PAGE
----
Ryan: Healthcare failure could stall other GOP priorities

Ryan: Healthcare failure could stall other GOP priorities
© Greg Nash

Speaker Paul RyanPaul RyanThe Hill Interview: Budget Chair Black sticks around for now Gun proposal picks up GOP support GOP lawmaker Tim Murphy to retire at end of term MORE (R-Wis.) on Friday warned GOP opponents of the party’s healthcare plan that the measure’s failure could derail progress on other key aspects of Republicans’ policy agenda.

In an interview with conservative radio host Hugh Hewitt, Ryan said that a defeat of House Republicans’ bill repealing and replacing ObamaCare would be “momentum killing,” essentially having a domino effect on planned tax reform efforts, among other party goals.

“Think of legislation as one train track with a bunch of trains on the track,” Ryan said. “If you don’t get these trains through the system, it slows everything else down."

“So if we didn’t get this done in time, according to our schedule — and we’re planning five weeks over this, this is a five week process of passing this bill, which is fairly lengthy. It slows absolutely everything down, pushes tax reform off past the summer.”

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Ryan joined Republicans’ recent attacks on the Congressional Budget Office (CBO), the independent scorekeeper that is expected to soon render an estimate of the cost of the GOP’s healthcare and insurance bill, known as the American Health Care Act, and how many people it will impact.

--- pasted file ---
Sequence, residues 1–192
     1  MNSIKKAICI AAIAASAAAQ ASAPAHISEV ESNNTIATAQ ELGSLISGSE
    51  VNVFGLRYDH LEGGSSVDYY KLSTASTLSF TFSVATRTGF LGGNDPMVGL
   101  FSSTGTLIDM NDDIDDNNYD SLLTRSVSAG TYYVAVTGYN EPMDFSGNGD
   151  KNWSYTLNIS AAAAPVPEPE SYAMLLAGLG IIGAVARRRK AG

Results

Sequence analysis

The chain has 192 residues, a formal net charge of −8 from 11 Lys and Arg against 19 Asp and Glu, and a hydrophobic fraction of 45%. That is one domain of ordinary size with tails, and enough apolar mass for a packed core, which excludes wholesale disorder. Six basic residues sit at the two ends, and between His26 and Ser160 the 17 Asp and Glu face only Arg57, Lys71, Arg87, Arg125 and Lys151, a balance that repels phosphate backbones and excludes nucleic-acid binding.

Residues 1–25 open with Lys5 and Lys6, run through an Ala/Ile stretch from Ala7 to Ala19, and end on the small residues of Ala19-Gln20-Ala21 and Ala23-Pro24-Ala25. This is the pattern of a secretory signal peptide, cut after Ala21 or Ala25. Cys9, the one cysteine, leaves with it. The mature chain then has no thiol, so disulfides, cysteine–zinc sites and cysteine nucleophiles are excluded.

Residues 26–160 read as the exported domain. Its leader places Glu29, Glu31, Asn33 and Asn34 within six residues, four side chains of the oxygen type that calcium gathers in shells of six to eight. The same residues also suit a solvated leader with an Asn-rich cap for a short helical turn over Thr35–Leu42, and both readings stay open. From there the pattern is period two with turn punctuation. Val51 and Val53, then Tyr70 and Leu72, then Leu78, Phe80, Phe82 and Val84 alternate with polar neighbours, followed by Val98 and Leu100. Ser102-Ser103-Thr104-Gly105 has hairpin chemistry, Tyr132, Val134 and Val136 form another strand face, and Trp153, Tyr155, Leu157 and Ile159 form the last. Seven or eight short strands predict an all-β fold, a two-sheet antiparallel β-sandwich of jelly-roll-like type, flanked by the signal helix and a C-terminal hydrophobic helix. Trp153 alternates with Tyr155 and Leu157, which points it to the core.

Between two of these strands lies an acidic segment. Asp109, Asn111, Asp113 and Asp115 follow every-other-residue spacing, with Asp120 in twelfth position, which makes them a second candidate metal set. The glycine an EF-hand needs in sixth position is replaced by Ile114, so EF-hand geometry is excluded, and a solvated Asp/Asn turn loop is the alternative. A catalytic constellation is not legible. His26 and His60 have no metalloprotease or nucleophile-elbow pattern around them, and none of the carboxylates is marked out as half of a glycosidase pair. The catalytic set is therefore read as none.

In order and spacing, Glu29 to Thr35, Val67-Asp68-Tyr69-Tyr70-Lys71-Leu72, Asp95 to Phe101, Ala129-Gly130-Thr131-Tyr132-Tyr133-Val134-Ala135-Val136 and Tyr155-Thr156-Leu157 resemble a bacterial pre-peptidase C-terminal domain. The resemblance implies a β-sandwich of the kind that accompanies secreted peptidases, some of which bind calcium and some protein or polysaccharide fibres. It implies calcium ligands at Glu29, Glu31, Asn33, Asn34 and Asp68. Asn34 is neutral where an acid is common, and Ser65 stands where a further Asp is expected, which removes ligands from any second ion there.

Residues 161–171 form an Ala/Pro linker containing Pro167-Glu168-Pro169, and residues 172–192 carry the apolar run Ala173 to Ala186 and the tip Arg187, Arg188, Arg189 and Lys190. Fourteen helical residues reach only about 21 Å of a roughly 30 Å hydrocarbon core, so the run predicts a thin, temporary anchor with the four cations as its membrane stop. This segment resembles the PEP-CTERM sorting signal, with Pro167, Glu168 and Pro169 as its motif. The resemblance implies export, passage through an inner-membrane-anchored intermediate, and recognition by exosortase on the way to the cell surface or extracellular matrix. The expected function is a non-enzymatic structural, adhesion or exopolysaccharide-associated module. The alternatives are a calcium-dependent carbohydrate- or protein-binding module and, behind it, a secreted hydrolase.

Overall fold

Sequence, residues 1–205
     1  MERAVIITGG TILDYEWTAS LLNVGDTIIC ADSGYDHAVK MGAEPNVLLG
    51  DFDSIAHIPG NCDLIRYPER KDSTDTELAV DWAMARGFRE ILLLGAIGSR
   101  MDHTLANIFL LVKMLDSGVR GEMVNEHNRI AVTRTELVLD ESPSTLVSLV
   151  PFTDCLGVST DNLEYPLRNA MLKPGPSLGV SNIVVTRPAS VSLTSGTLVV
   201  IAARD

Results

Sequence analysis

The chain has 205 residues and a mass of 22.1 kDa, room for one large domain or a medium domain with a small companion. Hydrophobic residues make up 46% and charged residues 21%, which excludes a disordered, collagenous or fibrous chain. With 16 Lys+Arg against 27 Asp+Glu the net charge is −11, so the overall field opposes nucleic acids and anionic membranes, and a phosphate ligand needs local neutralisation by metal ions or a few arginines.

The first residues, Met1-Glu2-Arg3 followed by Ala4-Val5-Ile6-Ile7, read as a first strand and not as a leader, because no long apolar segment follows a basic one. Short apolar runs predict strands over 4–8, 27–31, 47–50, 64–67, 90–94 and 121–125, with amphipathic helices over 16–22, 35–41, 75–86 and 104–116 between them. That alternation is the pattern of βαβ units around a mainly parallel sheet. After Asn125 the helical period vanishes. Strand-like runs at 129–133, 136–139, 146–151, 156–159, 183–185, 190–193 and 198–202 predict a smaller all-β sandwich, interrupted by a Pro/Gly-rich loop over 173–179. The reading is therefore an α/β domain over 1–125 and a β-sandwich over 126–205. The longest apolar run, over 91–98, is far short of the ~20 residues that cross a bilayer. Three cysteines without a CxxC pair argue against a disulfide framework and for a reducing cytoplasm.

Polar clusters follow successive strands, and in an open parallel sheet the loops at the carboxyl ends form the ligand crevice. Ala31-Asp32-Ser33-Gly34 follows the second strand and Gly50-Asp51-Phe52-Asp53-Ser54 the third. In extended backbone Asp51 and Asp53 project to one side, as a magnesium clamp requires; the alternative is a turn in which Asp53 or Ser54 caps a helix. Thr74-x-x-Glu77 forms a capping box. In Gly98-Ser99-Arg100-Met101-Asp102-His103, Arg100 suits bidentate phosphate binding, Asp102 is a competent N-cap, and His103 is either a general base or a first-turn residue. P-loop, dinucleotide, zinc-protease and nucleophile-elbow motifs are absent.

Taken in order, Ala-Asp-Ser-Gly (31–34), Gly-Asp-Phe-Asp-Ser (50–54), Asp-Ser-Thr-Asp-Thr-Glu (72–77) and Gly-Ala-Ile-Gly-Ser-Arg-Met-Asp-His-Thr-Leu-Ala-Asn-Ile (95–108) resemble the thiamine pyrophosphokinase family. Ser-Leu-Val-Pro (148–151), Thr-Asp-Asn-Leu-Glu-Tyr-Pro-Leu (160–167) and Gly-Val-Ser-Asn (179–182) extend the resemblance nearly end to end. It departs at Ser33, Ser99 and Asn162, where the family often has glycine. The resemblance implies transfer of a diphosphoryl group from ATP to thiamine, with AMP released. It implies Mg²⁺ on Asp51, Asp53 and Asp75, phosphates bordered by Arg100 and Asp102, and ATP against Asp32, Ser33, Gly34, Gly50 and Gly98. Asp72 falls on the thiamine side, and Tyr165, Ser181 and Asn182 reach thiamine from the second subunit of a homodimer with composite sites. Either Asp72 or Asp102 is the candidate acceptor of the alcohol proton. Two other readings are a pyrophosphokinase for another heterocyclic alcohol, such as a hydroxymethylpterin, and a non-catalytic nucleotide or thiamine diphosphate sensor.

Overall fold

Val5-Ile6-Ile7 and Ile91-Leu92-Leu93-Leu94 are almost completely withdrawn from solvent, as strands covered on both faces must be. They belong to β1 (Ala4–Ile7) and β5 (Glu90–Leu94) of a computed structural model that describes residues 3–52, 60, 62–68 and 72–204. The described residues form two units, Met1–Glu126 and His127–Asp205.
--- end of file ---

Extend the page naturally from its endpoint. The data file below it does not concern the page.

Republicans have preemptively cast doubt on the CBO’s judgement amid fears that the assessment will reveal that the GOP plan will cost the government more money, insure fewer people, or possibly both.

“We always know you’re never going to win a coverage beauty contest when it’s free market versus government mandates,” Ryan said. “If the government says thou shall buy our health insurance, the government estimates are going to say people will comply and it will happen.”

“And when you replace that with we’re going to have a free market, and you buy what you want to buy, they’re going to say not nearly as many people are going to do that,” he added. “That’s just going to happen.”

The White House said this week the budget office's scoring was "way off last time" with its projected numbers. 

"If you're looking at the CBO for accuracy, you're looking in the wrong place," press secretary Sean Spicer said.

The House GOP’s bill to repeal and replace ObamaCare has received mixed reviews among rank-and-file Republicans since being unveiled on Monday. While leading GOP lawmakers and the White House have given a thumbs up to the plan, some conservatives have already positioned themselves as fierce opponents of the measure, arguing that it does not go far enough to roll back the Affordable Care Act.